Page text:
Two Poems

There's Nobody Here

I heard a myth once about a very greedy man who locked his
sons down in the cellar with the rest of the treasure and animals.

There was a war and there was a flood and all the dead bodies
and rainwater came up to their throats in the very pits of that

building, building tombs of their bodies and space. I do not know
what happened to the man after, only that he was a friend of

my grandfather and they shared their stories. You think a man
cannot exchange tale with debt but I tell you we are no ordinary

men. We have eaten the sparrows and they have taken our lands,
more winged creatures amidst the flame, lanterns breaking in the

night. When we set out I did not think I could put my pride in
your hands. Sputtering creatures still wash up at our feet and during

the summer our ancestors smell of rosewater. When I cannot sleep
in the night now I find the hem of your coat. When I tell the myth to

those I love I search for my home in the arches of their bodies, 
weathered and able, the gilt mirrors of mine. There was a war that

lasted only a day and then again forever. It is still going on. It is
noisy and fickle and pulls through my bloodstream, reaching toward

the mountain. You think a terrible thing is going to happen, and I
tell you it will. Yet we will rise up to meet our ancestors. We will go

home. We will become stories of better men, unlocking ourselves,
reclaiming our names, publishing our fury. We will bury our bodies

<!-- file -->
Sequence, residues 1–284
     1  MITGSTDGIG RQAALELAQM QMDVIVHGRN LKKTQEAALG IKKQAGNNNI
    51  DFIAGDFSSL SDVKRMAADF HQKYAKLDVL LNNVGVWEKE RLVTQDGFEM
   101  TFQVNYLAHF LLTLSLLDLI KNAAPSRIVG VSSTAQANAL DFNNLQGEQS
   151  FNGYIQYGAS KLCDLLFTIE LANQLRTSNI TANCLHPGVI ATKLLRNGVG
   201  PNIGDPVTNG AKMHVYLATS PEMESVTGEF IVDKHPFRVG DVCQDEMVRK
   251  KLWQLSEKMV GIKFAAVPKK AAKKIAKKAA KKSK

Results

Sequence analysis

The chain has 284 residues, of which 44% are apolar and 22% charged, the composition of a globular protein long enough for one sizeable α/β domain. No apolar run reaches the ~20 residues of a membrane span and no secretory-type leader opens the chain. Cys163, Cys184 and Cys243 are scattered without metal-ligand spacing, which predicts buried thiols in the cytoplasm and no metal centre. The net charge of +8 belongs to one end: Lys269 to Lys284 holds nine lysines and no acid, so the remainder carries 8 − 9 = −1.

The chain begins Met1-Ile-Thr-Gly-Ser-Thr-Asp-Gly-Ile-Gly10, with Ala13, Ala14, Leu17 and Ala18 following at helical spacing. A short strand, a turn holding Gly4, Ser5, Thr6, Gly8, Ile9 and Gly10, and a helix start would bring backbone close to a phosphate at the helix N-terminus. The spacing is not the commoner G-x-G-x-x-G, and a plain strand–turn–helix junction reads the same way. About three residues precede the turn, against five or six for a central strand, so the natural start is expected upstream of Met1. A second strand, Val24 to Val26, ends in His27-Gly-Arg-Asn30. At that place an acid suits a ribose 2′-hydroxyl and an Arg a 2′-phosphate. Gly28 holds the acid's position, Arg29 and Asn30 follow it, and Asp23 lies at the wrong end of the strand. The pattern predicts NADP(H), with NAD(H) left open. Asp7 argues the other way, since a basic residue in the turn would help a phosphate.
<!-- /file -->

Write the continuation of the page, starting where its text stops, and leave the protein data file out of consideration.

in the place where they belong.

I Am So Sorry For Your Loss

Everyone is sick, yes, we know. Everyone that ever existed
is sick right now, in your house, and the laundry is late. At night

when I pull my hair back above my head I imagine pulling
meteors out like threads and becoming very special. I imagine 

a lot of things

alone, because otherwise there is no time left with which to imagine
them. If I brought you to the sea I could cure your ailments. I could

introduce your lips and lungs to salt, to a better way of being. There
are a group of people like me who worry about everything that ever

was like space and atoms and how many times you can order midnight
pancakes at the diner across the street, how many times until it becomes

inappropriate. I try very hard 

to do things the proper way

but all the ways in the world could not take the sickness from your
blood where it has made a nest for its home. All the ways in the world

are casting me aside like the king to his daughter Cordelia, best beloved.
Everyone is sick my darling and yes, so am I. So am I biting shadows down

before the darkness takes us, before our hands become imprints, the
outline of a chasm, of a thing which used to be there.​

ZEYNEP SASMAZEL is a recent graduate of Pace University with a BA in English Literature and Women’s & Gender Studies. She spends most of her time taking pictures of her cat and dreaming of the sea. One day she will have a more impressive bio to flaunt.
The Adirondack Review